Recently, Robin Grille and The Natural Child Project posted a compelling piece on the varied ways we overlook, downplay, demonize, and punish children’s attention-seeking behaviors and the emotions they’re doing their best to express. She writes:
“Time and time again children are heavily reprimanded for committing the offence of crying or being angry. Let’s get this straight: emotions are not bad behavior. Emotions don’t hurt anyone. Suppressing children’s emotions does, on the other hand, cause them harm.”
This article and others, including the latest research on the importance of playtime that I discussed in a recent Editor’s Corner, reminds me that we have as much to learn from children as they have to learn from us. Probably more. In some ways, growing up is a process of forgetting: Assuming the mantles of seriousness and responsibility that we associate with maturation, we deprioritize the free-range joys and emotional authenticity of childhood. We learn to control our feelings. Tamp down our desires. Strip back our playtime and focus on our goals,
Parents and teachers encourage this forgetting. So does society at large, even as it romanticizes the untamed creatures we once were–running barefoot through life before we learned to march in shoes. As grownups, we’re encouraged to keep such memories at a distance. We’re encouraged to tamp down our desires and quash our hardest emotions, which makes them harder still. (Variations in culture and family structures play a role, too, a point underscored in Ayurdhi Dhar’s fascinating MIA podcast interview with child psychologist Nandita Chaudhary.)
But kids are real. You know where you stand with them. You know how they feel about something, and you know when they hurt. Even when they’re fudging something, even when they fib, it’s not hard to figure out why—and not hard to see through them. The irony is that adults generally say they’re opposed to lying. Tell me the truth, they’ll say – but in the next breath, punish a kid for being too emotional.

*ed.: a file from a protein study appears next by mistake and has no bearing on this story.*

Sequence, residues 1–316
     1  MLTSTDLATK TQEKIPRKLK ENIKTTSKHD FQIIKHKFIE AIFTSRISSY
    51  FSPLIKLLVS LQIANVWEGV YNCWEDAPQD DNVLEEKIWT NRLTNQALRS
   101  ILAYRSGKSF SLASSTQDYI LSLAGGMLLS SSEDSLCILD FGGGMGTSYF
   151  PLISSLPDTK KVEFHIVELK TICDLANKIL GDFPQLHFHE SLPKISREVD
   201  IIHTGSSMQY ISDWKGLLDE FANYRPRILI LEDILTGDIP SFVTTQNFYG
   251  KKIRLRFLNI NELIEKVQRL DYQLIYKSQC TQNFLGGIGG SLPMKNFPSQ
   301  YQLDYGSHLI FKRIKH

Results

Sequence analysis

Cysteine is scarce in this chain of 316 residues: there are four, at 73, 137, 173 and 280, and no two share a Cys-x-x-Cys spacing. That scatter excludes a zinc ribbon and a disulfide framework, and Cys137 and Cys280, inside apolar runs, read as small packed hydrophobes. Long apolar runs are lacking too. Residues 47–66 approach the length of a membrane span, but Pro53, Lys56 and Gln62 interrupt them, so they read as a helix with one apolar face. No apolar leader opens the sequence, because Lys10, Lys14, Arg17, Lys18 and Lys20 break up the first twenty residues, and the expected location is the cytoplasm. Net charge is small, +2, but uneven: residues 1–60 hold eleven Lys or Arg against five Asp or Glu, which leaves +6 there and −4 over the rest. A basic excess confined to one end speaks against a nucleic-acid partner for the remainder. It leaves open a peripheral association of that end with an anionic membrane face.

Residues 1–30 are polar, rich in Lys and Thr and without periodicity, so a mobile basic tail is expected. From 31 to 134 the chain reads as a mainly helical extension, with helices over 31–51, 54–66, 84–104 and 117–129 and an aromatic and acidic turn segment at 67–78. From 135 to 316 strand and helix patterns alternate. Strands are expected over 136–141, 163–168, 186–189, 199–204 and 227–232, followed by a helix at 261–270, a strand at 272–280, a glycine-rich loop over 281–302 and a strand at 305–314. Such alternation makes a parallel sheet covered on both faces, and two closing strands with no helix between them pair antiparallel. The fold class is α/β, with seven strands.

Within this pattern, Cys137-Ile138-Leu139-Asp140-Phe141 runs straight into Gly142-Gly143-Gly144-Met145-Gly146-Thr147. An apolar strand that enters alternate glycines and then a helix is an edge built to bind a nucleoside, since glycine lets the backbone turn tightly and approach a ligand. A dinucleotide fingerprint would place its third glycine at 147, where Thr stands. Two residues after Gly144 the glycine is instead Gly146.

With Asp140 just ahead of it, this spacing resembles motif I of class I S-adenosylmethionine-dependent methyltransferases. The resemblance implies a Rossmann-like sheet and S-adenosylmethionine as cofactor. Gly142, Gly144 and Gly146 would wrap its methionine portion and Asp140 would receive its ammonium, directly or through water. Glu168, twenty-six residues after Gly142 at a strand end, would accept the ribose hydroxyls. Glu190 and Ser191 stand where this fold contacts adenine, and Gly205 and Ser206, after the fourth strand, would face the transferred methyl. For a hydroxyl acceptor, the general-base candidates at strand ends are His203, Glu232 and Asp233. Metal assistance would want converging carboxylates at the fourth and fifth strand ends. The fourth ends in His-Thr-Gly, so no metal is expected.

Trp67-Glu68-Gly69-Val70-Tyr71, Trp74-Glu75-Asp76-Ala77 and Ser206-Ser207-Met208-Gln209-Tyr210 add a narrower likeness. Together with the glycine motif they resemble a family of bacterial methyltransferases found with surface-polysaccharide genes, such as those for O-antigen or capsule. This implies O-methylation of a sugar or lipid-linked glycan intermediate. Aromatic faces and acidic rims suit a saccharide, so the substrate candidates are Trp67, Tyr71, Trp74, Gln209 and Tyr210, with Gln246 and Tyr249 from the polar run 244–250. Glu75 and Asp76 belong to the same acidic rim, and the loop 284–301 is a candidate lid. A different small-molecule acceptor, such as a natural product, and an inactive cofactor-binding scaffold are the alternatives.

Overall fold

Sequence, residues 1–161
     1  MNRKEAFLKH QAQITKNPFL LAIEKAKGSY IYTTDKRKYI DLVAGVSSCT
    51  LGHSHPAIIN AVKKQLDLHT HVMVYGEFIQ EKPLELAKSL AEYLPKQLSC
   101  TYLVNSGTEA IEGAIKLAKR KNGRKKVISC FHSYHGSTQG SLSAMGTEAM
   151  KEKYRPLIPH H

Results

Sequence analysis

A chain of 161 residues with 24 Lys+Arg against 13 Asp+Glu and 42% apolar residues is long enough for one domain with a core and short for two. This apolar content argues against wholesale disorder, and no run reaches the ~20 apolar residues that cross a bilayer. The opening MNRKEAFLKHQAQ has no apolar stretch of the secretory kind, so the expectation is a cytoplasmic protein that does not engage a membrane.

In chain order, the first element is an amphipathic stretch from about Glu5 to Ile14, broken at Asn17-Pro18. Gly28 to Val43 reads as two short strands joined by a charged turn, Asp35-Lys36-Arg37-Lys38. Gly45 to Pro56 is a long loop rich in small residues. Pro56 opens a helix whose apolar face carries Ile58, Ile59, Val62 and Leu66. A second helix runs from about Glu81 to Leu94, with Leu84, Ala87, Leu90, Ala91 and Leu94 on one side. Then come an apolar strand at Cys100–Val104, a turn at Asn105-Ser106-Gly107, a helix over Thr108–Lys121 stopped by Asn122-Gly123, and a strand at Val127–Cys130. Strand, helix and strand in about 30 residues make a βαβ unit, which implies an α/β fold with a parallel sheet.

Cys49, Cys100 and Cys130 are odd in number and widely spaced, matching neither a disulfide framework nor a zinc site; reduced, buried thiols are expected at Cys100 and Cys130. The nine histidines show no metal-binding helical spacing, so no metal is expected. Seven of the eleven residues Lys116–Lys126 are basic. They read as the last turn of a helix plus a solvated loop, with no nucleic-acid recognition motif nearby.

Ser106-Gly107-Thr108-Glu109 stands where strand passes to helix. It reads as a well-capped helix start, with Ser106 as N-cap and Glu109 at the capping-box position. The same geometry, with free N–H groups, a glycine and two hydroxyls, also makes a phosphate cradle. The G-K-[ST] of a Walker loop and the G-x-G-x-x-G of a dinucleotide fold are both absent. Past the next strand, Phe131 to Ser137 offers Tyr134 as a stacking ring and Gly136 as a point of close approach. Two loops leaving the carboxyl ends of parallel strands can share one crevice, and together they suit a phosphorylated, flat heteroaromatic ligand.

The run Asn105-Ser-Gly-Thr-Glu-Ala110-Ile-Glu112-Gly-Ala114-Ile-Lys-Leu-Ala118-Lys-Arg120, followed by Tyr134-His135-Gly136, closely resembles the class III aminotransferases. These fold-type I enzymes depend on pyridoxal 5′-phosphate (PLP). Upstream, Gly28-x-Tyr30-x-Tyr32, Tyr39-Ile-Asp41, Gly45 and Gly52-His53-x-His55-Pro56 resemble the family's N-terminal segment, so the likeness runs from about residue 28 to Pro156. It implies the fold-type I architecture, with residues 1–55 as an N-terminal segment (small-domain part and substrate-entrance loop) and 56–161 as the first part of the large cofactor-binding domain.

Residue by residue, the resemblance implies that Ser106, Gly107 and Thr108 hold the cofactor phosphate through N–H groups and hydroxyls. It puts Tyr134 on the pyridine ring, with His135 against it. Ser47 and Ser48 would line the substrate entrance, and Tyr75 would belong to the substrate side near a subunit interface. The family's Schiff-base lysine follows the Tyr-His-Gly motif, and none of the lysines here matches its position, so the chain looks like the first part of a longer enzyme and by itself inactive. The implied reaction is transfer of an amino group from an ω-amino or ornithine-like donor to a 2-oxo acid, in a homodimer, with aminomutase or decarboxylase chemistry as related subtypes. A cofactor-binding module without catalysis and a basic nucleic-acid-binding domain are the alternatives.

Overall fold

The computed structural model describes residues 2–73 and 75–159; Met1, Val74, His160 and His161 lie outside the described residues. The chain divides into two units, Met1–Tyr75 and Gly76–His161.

Emotions are another form of truth, after all. Another mode of expressing it. With that in mind, urges Grille in her piece (which is worth reading in full):
“Instead of berating your child for feeling her feelings, give her the space to feel, and comfort and support her if she needs it. . . . When you truly want to hear, no special skill is needed. Your child senses your interest in the tone of your voice, in your body language and the look in your eyes. You know you have listened when you feel moved. You might feel compassion, protectiveness, you might feel some pain about your child’s hurts, pride or excitement about his achievements, or joy to meet his joy. Listening means letting yourself feel touched somehow, and being aware of the feelings that move through you.”
Let’s listen to our children, and to ourselves.
–Amy Biancolli, Family Editor
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Mad in America hosts blogs by a diverse group of writers. These posts are designed to serve as a public forum for a discussion—broadly speaking—of psychiatry and its treatments. The opinions expressed are the writers’ own.
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